Mar. 31, 2015 by Darius
[Today is the deadline for nuclear negotiations with Iran. Last week, I saw a panel discussion “Assessing Iran’s Strategy Toward the Arab World.” Yesterday I shared the comments of panelists Harith al Qarawee and Richard LeBaron. Today I am sharing the comments of Randa Slim and Alireza Nader.]
Randa Slim of the Middle East Institute talked about Iran’s Syria policy. She said there are four drivers on Iranian policy towards Syria. (1) The need to defend an old ally. Syria has been Iran’s ally since the 1979 revolution and was the only Arab state to stand by Iran during the Iran-Iraq War. Iran feels the need to repay that loyalty. (2) The need to maintain the weaponry and strategic depth of Hezbollah in Lebanon. Consider the difference in efficacy between Hamas and Hezbollah. A major part of that difference, according to Slim, is the fact that Hamas has the Egyptian government at its back, while Hezbollah has Assad’s government, willing to resupply and support it. (3) The need to stand up against a regional wave of Sunni extremism dedicated, in part, to weakening Shia influence. (4) The need to prevent the emergence of a Sunni sectarian anti-Iran regime in Syria.
According to Slim, Iran doesn’t see a credible, trustworthy replacement for President Assad from within the Alawite community or Syrian military. This is a marked contrast to the situation in Iraq, where pressure from Iran allowed for the replacement of Prime Minister Maliki. Iran saw several acceptable alternatives to Maliki in Iraq but at this point sees no alternatives to Assad in Syria.
Slim said that Hezbollah has lost approximately 1,000 fighters in Syria. That number might seem small, but Slim cautioned that the Lebanese Shia community “is not the People’s Republic of China.” Given Hezbollah’s limited pool of recruits, the loss of 1,000 fighters is a big deal, and casualties may be reaching a tipping point in Lebanon. However, Slim noted that Iran and its allies feel the tide of the war in Syria is shifting in their favor.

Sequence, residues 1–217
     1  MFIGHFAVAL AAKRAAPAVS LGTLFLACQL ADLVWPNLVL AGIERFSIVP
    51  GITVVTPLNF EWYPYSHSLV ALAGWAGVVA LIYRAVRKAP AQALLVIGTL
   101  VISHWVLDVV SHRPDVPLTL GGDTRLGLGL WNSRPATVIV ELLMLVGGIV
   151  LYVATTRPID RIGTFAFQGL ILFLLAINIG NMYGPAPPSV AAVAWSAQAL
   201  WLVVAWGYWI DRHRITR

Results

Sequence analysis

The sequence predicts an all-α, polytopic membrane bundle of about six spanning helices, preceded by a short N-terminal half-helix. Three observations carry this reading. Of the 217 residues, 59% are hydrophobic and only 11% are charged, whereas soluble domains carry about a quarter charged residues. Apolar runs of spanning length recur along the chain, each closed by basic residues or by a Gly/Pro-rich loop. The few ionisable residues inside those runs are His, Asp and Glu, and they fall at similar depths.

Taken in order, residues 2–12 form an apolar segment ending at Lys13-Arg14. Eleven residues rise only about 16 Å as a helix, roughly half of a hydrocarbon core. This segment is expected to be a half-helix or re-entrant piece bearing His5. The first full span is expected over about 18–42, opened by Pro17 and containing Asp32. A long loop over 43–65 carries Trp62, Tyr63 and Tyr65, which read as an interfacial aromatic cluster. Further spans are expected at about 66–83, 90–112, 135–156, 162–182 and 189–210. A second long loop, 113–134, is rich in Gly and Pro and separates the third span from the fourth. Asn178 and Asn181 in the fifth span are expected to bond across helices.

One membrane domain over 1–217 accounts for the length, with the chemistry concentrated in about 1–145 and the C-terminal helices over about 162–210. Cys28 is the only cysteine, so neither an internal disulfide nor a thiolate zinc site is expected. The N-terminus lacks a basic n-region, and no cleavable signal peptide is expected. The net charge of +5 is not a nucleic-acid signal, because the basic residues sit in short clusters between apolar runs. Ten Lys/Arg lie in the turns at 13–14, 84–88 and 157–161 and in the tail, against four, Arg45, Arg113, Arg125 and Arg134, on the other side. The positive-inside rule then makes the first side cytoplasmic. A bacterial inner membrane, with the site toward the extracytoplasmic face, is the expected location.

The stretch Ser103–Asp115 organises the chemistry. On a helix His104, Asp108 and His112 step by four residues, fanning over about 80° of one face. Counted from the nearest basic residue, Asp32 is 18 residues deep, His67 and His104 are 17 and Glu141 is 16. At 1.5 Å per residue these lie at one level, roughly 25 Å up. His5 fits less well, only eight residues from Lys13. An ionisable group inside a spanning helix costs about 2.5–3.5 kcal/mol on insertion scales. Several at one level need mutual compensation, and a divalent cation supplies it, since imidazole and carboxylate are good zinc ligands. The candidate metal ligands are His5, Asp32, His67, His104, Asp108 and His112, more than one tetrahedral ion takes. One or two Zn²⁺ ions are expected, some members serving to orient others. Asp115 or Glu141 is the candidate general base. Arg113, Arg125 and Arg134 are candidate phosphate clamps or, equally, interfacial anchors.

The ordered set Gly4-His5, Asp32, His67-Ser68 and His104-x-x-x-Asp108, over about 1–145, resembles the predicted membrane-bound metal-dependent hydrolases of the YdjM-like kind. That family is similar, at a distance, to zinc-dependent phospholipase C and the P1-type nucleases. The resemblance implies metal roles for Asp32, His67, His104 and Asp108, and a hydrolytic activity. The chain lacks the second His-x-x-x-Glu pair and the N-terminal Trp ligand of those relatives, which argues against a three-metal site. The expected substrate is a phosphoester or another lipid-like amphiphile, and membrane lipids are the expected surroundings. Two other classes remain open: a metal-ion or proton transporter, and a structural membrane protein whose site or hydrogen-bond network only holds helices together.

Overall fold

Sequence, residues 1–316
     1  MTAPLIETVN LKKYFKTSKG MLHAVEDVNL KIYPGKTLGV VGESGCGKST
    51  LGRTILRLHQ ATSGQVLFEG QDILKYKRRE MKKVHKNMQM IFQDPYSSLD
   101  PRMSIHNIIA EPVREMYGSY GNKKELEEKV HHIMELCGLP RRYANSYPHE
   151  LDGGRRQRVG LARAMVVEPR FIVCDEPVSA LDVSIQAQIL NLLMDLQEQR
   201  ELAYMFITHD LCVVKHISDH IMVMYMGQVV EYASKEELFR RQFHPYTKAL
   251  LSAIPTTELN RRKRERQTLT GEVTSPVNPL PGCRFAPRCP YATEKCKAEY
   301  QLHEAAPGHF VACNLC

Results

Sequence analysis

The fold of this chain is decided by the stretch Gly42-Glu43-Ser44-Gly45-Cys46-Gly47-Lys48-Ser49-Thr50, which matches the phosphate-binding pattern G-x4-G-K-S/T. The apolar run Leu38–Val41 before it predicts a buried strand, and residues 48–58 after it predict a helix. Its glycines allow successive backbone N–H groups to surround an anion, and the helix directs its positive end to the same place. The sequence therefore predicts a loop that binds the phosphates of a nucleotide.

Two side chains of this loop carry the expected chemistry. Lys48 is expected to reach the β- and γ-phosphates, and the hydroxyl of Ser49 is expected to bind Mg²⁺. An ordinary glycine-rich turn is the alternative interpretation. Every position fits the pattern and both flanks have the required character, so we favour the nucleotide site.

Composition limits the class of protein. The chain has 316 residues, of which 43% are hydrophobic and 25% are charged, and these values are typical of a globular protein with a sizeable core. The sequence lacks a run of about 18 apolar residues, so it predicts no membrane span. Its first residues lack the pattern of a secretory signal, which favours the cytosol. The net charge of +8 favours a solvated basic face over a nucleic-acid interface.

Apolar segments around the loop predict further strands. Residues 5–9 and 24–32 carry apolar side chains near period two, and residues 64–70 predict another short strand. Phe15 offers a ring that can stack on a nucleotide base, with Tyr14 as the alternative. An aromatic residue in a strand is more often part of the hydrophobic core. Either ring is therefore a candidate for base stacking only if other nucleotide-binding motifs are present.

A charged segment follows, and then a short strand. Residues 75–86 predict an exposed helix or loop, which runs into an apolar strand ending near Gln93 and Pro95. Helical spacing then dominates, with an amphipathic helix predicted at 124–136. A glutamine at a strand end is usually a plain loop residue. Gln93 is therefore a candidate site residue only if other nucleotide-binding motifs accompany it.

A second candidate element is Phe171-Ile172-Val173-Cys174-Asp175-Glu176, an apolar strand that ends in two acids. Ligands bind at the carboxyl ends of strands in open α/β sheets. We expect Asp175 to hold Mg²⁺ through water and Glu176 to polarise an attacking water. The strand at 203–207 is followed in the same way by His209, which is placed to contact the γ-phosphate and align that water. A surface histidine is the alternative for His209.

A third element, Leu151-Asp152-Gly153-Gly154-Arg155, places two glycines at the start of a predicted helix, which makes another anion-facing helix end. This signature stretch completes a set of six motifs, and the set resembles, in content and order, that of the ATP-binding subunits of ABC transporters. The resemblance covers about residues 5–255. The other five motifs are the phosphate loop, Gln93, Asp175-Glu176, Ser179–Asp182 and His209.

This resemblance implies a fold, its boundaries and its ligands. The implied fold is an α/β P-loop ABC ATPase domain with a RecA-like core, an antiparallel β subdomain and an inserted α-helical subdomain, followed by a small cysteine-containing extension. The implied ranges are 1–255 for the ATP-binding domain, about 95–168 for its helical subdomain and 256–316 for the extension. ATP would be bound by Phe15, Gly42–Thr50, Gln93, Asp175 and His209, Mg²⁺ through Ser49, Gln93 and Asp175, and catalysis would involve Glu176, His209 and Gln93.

Slim said that no matter the outcome, Iran deserves a place at the negotiating table. Any deal without Iran is sure to fail.
Alireza Nader of the RAND Corporation talked about internal Iranian politics and viewpoints. Nader said there is a fundamental question at the heart of Iran. Is the Islamic Republic of Iran a nation-state or a cause? According to Nader, President Rouhani wants Iran to be a regular nation-state first and foremost, but Supreme Leader Khamenei sees Iran as a cause. Hardliners in Iran, who also see the Islamic Republic as a cause, do not want any nuclear deal to be more than a transactional sanctions-for-nukes affair. They certainly don’t want anything that would open the door to change in Iran itself. For this reason, we can expect that any deal arrived at will be more transactional than transformational: there will be no Grand Bargain normalizing Iran’s relations with the US.
Nader said that Iran, no surprise, sees Saudi Arabia as an economic and geopolitical competitor. But most of all, both countries aspire to be the leader of Muslims worldwide. Within Iran, there is a perception that Saudi Arabia is supporting and funding anti-Shia, anti-Iran movements across the Middle East.
Nader also pointed out that Iran can only make a play for regional influence because it’s there for the taking. None of this would have been possible without the collapse of the old order of Arab regimes. Fifteen years ago, for example, Iran had a hostile Sunni-run Iraq to its west and a hostile Sunni Afghan Taliban to its east. Neither of those regimes exist anymore, giving Iran more room to maneuver.
An example of Iranian opportunism would be Yemen’s Houthi movement. The Houthis are often described in the popular press as Shia and Iran-backed. However, the truth is much more complex. The Houthis’ Shia beliefs are quite different than the Iranians’ Shia beliefs, and, according to Nader, Iran didn’t start to take an interest in the Houthis until after “the Saudis expressed concern that Iran was taking an interest in the Houthis.”
However, according to Nader, Iran is running two big risks. The first is that Iran is no longer seen as pan-Islamic but rather as sectarian and narrow in its interests. The second is that Iran simply overextends itself.